Good morning. This is Ian Hoyer with the Gallatin National Forest Avalanche Forecast on New Year’s Day, Saturday, January 1st at 7:00 a.m. This information is sponsored by Gastrognome, Gaia GPS and Beartooth Powder Guides. This forecast does not apply to operating ski areas.
A trace to an inch of new snow fell yesterday morning. Winds are light out of the west and northwest. Temperatures are chilly this morning: negative single digits to negative teens F. Under sunny skies today, winds will pick up slightly in the northern part of our advisory area and stay calm in the south. Temperatures will rise into the positive single digits and teens F. The next snowfall is forecast for Monday night.
Winds died down and snowfall tapered off Thursday afternoon. We are now 36 hour out from the end of a large loading event (4-5 ft of snow over the last 10 days). The peak of instability has passed, but this does not mean that conditions are safe. All the ingredients remain in place for a slide, it just isn’t quite as hair trigger anymore. You could still trigger a large and potentially deadly avalanche breaking either within the recent snow or on weak layers near the ground. Remain very wary of slopes that were windloaded during the storm. We still don’t trust the weak layers at the ground (Lionhead video). Getting onto any steep slope requires careful evaluation of the snowpack. Today’s blue skies will be a welcome break after a long stretch of flat light and poor visibility, don’t let it lull you into complacency or as an excuse to push your luck. Human triggered avalanches are possible and the avalanche danger is MODERATE.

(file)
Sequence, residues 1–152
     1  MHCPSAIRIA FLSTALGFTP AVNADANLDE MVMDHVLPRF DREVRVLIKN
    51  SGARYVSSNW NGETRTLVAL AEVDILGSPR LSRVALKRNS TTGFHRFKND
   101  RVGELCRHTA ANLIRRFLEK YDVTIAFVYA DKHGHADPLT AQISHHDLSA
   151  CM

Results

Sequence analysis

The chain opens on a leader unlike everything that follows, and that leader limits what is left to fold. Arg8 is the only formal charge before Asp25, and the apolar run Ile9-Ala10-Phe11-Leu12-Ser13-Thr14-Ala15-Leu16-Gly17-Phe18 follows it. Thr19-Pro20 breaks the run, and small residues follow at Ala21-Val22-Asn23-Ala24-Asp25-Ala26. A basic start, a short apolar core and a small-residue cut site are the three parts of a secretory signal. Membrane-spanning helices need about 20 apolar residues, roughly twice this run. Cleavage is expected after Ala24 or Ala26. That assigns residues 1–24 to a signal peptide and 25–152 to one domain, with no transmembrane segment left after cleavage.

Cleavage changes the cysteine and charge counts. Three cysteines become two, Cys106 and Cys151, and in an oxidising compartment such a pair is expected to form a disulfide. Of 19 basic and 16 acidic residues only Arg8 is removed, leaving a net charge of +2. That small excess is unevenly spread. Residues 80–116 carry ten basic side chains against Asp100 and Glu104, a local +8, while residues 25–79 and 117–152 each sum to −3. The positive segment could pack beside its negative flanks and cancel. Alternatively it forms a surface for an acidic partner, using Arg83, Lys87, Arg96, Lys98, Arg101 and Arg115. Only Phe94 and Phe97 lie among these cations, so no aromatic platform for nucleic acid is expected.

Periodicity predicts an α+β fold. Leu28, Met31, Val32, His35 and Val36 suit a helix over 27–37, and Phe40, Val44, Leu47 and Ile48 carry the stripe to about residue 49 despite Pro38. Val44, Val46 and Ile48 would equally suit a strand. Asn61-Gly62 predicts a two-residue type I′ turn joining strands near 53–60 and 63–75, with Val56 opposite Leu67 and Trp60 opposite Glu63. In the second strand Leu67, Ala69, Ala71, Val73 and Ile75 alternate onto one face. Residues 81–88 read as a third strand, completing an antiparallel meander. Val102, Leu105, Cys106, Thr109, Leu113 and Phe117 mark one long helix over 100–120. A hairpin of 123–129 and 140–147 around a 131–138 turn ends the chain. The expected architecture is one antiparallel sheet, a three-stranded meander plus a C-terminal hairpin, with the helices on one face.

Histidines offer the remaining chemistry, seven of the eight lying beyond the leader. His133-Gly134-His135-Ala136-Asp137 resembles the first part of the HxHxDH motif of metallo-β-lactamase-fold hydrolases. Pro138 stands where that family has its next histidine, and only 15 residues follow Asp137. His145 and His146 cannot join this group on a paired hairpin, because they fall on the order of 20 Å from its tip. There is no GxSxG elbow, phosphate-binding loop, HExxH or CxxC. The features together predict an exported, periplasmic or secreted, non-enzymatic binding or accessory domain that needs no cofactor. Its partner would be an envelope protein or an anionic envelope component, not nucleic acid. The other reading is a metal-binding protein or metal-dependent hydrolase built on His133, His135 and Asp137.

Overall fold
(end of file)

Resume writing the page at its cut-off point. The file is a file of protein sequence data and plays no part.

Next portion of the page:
Large avalanches broke 2-3 ft deep on Saddle Peak on Wednesday and Thursday (details). We aren’t sure whether these broke under just the wind drifted snow from this past week or on a buried weak layer in the middle or bottom of the relatively thin snowpack (video). Either way, they are proof that large avalanches are possible, especially on windloaded slopes. We know that some slopes have weak layers mid-pack and some slopes have unstable wind drifts. This should keep you on alert. Be on the search for instability if you’re thinking about riding in avalanche terrain. Today, the avalanche danger is rated MODERATE.
Conditions are mostly stable in the northern Gallatin and Madison Ranges. Look out for isolated areas of instability such as wind loaded slopes where the drifts have not bonded well to the old snow surface. Be ready in case you get surprised. Dig a pit to double check stability before committing to a steep slope and as always, go one at a time and carry your gear rescue gear. Overall, large avalanches are unlikely and the avalanche danger is LOW today. .
Upcoming Education Opportunities
Get your avalanche brain ready for the season at one of the many classes listed on our education calendar, and list of upcoming events below.
January 20 + Field day. Our popular Avalanche Fundamentals with Field Course is perfect as a refresher or an introduction to avalanches. We are introducing a new format with four pre-recorded lectures to watch at your convenience, a live question and answer session, and a choice of a snowmobile or ski/ board based field day occurring the following two weekends.
Every Saturday near Cooke City, 10 a.m.-3 p.m. FREE snowpack update and transceiver/rescue training. Stop by for 20 minutes or more at the Round Lake Warming Hut.
On Monday, December 27th, two snowmobilers were caught and killed in an avalanche on Scotch Bonnet Mountain, north of Cooke City. We have completed our report, which is available HERE.